Presentation on theme: "Quit Introduction Cards Combining Probabilities."— Presentation transcript:
Introduction Cards Combining Probabilities
QuitIntroduction Probability is the maths of chance and gambling, telling us how likely an event is to occur. The probability of an event occurring is usually written as a fraction or as a percentage.
Quit Toss one coin, assume it is a fair coin and ignore the chance of it landing on its edge. P(Head) = 1212 __ TH There are only two possible outcomes – either a head H or a tail T. P(Tail) = 1212 __
QuitDefinition The probability of an event occurring is: P (event) = Total possible number of outcomes Number of times this event occurs –––––––––––––––––––––––––––––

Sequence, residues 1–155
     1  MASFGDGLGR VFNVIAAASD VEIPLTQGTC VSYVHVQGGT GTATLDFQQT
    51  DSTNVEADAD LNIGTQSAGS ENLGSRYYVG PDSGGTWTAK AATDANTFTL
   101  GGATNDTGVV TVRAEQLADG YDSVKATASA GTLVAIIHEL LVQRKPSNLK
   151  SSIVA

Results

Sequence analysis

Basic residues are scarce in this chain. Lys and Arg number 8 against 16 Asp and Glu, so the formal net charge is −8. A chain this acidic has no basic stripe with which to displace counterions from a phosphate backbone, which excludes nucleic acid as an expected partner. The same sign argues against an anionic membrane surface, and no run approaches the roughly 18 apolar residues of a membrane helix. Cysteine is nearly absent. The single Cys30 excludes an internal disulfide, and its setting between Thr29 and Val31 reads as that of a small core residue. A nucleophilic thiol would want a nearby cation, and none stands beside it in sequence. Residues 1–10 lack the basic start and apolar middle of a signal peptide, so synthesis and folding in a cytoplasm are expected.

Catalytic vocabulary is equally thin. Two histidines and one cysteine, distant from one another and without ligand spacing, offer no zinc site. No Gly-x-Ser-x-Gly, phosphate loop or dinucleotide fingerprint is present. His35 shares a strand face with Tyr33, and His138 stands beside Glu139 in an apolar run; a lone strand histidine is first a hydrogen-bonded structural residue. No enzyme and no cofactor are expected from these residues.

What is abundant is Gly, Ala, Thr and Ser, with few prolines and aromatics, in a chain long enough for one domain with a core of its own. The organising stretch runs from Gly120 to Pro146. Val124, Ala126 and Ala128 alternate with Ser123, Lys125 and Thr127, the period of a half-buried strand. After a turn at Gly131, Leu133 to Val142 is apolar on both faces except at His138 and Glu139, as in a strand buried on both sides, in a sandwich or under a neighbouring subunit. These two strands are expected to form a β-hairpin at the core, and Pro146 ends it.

Quit Consider a deck of cards. There are four suits called hearts, diamonds, clubs and spades. Cards Cards
Quit Consider a deck of cards. There are four suits called hearts, diamonds, clubs and spades. In each of these there are 13 cards – an ace, the numbers 2 to 10 inclusive, and the picture cards: jack, queen and king. This makes a total of 52 cards in an ordinary deck. Some games require one extra card, the Joker. We will not use this extra card. If the cards are boxed (shuffled or mixed) and then 13 cards dealt to each of four people, the chances of a particular person getting 13 clubs are 635,013,559,600 to 1. This is more than the number of seconds in 20,000 years! Cards Cards
Quit Clubs A JQK Diamonds A JQK Hearts A JQK Spades A JQK P(Clubs) = ___ Cards Cards number of clubs in deck total number of cards = 1414 __
Quit Clubs A JQK Diamonds A JQK Hearts A JQK Spades A JQK P(2) = 4 52 ___ Cards Cards number of 2s in deck total number of cards = 1 13 __
Quit Combining Probabilities If two events happen simultaneously, a sample space can be constructed to see clearly the possible outcomes. A sample space involves putting all the possible outcomes of one event on one axis of a grid and all the possible outcomes of a second event on the other axis.